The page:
Food Waste: Can We Reach Zero?

TUE, JAN 14, 2020

Each year, American consumers, businesses, and farms spend $218 billion a year growing, processing, transporting, and disposing of food that is never eaten. That’s 52 million tons of food sent to landfill, plus another 10 million tons discarded or left unharvested. Food waste is responsible for roughly the same amount of greenhouse gas emissions as 37 million cars. At the same time, one in seven Americans is food insecure.

The concept of “waste” is changing, and companies are embracing the circular economy where unused or discarded products can be reused to make new products. In the food industry, entrepreneurs are stepping up to seize opportunities. They are developing solutions bringing efficiencies to the supply chain (upstream) and reducing food waste (downstream). They are also using less water and energy, as well as looking for new solutions to soil improvement.

In this discussion and presentation from seven local start-up companies, guest speakers will try to explain the systemic causes of food inefficiencies and define what it means to move toward “zero food waste.” They will also showcase innovations and talk about new opportunities in manufacturing, farms, and upcycling.

Startup Exhibitors:

Cambridge Crops
New Bedford Port Authority
Shameless Pets

Photo from Han Cheung’s video “Tracing Dining Hall Food Waste”. CC 2012

+ BIO: Jonathan S. Krones

Jonathan Krones studied engineering systems focusing on industrial ecology. He received an SB from MIT in Materials Science and Engineering in 2007 and an MS from Columbia University in Earth and Environmental Engineering in 2011. In addition to conducting academic research, he has worked on environmental and sustainability policy at local, state, and federal levels.

Jonathan was exposed to the complex relationship between humans and the environment early, growing up in a rapidly suburbanizing countryside. Books like Cradle to Cradle, Natural Capitalism, and Ecotopia helped him to begin to imagine what a sustainable world might look like.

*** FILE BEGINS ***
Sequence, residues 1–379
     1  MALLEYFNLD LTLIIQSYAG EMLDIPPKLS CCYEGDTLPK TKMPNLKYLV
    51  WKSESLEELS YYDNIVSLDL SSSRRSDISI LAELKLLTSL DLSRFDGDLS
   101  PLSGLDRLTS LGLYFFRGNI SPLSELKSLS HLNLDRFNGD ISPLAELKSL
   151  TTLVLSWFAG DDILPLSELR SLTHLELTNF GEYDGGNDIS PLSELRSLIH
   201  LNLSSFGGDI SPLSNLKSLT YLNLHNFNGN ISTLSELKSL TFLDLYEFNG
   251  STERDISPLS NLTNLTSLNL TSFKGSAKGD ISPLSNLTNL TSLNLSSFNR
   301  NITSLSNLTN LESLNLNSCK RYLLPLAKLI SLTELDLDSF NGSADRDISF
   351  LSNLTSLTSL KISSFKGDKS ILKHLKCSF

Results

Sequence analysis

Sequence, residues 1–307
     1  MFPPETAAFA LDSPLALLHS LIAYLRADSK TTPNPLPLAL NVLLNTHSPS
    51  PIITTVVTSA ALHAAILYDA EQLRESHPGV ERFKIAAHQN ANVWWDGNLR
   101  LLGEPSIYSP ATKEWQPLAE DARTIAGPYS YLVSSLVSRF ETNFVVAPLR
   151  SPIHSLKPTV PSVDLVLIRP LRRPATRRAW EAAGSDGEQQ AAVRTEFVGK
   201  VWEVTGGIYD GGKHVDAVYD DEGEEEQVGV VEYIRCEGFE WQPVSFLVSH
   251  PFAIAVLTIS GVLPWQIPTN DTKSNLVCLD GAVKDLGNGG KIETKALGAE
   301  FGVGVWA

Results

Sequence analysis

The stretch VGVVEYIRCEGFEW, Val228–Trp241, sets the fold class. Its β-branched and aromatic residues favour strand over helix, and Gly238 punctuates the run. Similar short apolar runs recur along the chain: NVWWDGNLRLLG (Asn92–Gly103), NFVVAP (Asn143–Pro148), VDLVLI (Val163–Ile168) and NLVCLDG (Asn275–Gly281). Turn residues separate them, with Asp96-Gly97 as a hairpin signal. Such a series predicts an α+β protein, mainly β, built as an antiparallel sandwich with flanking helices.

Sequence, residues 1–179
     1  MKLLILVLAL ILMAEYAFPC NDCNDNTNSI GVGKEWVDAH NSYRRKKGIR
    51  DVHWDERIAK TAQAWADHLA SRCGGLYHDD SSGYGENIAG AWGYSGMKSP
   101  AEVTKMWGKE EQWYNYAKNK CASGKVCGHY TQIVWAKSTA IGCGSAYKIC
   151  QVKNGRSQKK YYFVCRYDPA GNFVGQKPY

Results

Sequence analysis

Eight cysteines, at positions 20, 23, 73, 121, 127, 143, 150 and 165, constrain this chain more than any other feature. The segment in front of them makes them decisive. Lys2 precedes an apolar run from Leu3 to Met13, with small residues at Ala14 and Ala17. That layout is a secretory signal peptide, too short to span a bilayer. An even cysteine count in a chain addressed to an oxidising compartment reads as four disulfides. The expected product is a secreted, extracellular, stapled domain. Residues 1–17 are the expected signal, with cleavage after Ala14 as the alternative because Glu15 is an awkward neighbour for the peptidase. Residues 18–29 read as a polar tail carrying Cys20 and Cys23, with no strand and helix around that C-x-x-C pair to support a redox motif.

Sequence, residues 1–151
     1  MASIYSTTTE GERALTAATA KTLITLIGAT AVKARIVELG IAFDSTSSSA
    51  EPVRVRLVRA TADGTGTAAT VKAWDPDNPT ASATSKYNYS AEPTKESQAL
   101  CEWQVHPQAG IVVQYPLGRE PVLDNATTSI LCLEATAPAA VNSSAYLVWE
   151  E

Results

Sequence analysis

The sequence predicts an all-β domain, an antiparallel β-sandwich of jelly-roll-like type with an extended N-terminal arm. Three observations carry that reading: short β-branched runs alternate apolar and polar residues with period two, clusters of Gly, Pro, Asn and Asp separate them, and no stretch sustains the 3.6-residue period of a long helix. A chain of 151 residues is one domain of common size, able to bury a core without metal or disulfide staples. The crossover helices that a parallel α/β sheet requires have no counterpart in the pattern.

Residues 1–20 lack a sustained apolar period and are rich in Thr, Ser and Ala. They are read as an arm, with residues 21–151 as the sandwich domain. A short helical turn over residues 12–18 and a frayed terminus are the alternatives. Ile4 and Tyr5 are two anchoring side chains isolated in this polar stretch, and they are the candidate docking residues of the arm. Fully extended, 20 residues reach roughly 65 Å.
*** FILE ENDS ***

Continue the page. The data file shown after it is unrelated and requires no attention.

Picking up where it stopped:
+ BIO: Caroline Howe

Caroline Howe supports the District Government’s plan to make the District of Columbia the most sustainable city in the country. This is one of the most innovative, ambitious sustainability plans in the country, balancing environmental, economic, and social needs of the District of Columbia today as well as the needs of the next generation.

+ BIO: Amy Perlmutter

Amy Perlmutter is a consultant to economic development, policy, business, and advocacy leaders who are striving to advance goals that lead to meaningful environmental change.

Amy has served as the first Director of Solid Waste for Passaic County, New Jersey; the Director of Recycling for the City and County of San Francisco; and the founding Executive Director of the Chelsea Center for Recycling and Economic Development.

Amy served as the kick-off speaker at the Massachusetts legislature’s Green Economy Caucus, an appointment to Massachusetts Governor Patrick’s Transition Team on Energy and Environment. She also received an invitation to be in the first cohort of Fellows at UMass Lowell’s Lowell Center for Sustainable Production, a commendation for her efforts to improve the quality of life in the City and County of San Francisco.

Amy enjoys talking to groups of all ages about environmental careers, environmental issues, and why they matter.

MIT Enterprise Forum Cambridge
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